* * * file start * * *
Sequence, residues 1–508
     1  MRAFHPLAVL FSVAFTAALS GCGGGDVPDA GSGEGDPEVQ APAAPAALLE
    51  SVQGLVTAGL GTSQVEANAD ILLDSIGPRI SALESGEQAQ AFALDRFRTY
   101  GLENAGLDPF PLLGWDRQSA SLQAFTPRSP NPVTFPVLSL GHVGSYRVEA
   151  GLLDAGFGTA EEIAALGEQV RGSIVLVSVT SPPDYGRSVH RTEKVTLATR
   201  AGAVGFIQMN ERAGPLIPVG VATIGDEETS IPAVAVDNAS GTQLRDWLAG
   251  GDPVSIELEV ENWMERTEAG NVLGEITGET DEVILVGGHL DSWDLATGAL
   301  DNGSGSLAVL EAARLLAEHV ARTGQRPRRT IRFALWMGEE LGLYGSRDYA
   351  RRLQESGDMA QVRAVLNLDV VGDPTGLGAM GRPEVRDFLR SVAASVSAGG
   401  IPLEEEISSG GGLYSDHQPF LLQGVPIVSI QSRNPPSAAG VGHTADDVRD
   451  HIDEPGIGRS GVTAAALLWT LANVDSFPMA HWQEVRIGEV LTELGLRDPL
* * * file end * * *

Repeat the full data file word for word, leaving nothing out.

Sequence, residues 1–508
     1  MRAFHPLAVL FSVAFTAALS GCGGGDVPDA GSGEGDPEVQ APAAPAALLE
    51  SVQGLVTAGL GTSQVEANAD ILLDSIGPRI SALESGEQAQ AFALDRFRTY
   101  GLENAGLDPF PLLGWDRQSA SLQAFTPRSP NPVTFPVLSL GHVGSYRVEA
   151  GLLDAGFGTA EEIAALGEQV RGSIVLVSVT SPPDYGRSVH RTEKVTLATR
   201  AGAVGFIQMN ERAGPLIPVG VATIGDEETS IPAVAVDNAS GTQLRDWLAG
   251  GDPVSIELEV ENWMERTEAG NVLGEITGET DEVILVGGHL DSWDLATGAL
   301  DNGSGSLAVL EAARLLAEHV ARTGQRPRRT IRFALWMGEE LGLYGSRDYA
   351  RRLQESGDMA QVRAVLNLDV VGDPTGLGAM GRPEVRDFLR SVAASVSAGG
   401  IPLEEEISSG GGLYSDHQPF LLQGVPIVSI QSRNPPSAAG VGHTADDVRD
   451  HIDEPGIGRS GVTAAALLWT LANVDSFPMA HWQEVRIGEV LTELGLRDPL